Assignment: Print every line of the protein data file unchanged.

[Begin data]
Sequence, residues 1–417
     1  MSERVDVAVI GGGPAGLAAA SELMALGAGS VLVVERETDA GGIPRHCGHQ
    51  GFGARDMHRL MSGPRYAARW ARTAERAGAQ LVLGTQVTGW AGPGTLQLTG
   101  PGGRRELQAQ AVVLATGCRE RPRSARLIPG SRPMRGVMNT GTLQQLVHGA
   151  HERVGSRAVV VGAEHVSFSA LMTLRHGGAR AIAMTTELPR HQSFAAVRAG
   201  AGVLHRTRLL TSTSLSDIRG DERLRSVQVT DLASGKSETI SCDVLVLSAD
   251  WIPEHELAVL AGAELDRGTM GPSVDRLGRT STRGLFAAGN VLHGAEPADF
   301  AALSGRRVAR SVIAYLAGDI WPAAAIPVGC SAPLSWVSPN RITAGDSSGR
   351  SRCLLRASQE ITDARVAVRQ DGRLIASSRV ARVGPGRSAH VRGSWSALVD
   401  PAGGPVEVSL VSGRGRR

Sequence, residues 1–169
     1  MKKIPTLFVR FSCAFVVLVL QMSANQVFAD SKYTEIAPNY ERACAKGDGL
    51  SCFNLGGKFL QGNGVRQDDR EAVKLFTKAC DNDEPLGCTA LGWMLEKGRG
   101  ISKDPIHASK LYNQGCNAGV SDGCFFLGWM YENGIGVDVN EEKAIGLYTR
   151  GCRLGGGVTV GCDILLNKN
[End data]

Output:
Sequence, residues 1–417
     1  MSERVDVAVI GGGPAGLAAA SELMALGAGS VLVVERETDA GGIPRHCGHQ
    51  GFGARDMHRL MSGPRYAARW ARTAERAGAQ LVLGTQVTGW AGPGTLQLTG
   101  PGGRRELQAQ AVVLATGCRE RPRSARLIPG SRPMRGVMNT GTLQQLVHGA
   151  HERVGSRAVV VGAEHVSFSA LMTLRHGGAR AIAMTTELPR HQSFAAVRAG
   201  AGVLHRTRLL TSTSLSDIRG DERLRSVQVT DLASGKSETI SCDVLVLSAD
   251  WIPEHELAVL AGAELDRGTM GPSVDRLGRT STRGLFAAGN VLHGAEPADF
   301  AALSGRRVAR SVIAYLAGDI WPAAAIPVGC SAPLSWVSPN RITAGDSSGR
   351  SRCLLRASQE ITDARVAVRQ DGRLIASSRV ARVGPGRSAH VRGSWSALVD
   401  PAGGPVEVSL VSGRGRR

Sequence, residues 1–169
     1  MKKIPTLFVR FSCAFVVLVL QMSANQVFAD SKYTEIAPNY ERACAKGDGL
    51  SCFNLGGKFL QGNGVRQDDR EAVKLFTKAC DNDEPLGCTA LGWMLEKGRG
   101  ISKDPIHASK LYNQGCNAGV SDGCFFLGWM YENGIGVDVN EEKAIGLYTR
   151  GCRLGGGVTV GCDILLNKN